The Open Collections website will be unavailable July 27 from 2100-2200 PST ahead of planned usability and performance enhancements on July 28. More information here.

UBC Theses and Dissertations

UBC Theses Logo

UBC Theses and Dissertations

The shalom/salaam group : Muslim-Jewish dialogue in Vancouver, British Columbia Gallaher, Alison Tiffany 2005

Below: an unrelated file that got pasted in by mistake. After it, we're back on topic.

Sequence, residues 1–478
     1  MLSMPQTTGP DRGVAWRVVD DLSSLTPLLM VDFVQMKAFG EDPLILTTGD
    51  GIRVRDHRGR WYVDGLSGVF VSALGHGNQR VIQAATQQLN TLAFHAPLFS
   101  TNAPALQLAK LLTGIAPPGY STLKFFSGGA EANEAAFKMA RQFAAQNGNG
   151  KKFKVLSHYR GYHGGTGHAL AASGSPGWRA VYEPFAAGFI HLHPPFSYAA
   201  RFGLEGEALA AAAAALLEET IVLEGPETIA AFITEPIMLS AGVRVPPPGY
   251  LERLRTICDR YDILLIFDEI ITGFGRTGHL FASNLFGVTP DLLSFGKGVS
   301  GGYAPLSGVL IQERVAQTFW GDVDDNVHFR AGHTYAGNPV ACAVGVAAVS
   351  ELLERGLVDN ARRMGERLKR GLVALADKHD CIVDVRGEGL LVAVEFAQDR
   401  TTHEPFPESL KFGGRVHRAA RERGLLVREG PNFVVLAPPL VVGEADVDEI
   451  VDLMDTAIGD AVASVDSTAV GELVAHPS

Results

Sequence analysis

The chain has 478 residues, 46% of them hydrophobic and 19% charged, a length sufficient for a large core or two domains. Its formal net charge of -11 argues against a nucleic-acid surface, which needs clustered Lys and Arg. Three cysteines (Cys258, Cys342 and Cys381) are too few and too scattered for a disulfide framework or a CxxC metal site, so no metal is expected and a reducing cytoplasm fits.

Your browser doesn't seem to have a PDF viewer, please download the PDF to view this item.

Notice for Google Chrome users:
If you are having trouble viewing or searching the PDF with Google Chrome, please download it here instead.

Item Metadata


831-ubc_2005-0443.pdf [ 2.62MB ]
JSON: 831-1.0092179.json
JSON-LD: 831-1.0092179-ld.json
RDF/XML (Pretty): 831-1.0092179-rdf.xml
RDF/JSON: 831-1.0092179-rdf.json
Turtle: 831-1.0092179-turtle.txt
N-Triples: 831-1.0092179-rdf-ntriples.txt
Original Record: 831-1.0092179-source.json
Full Text

Full Text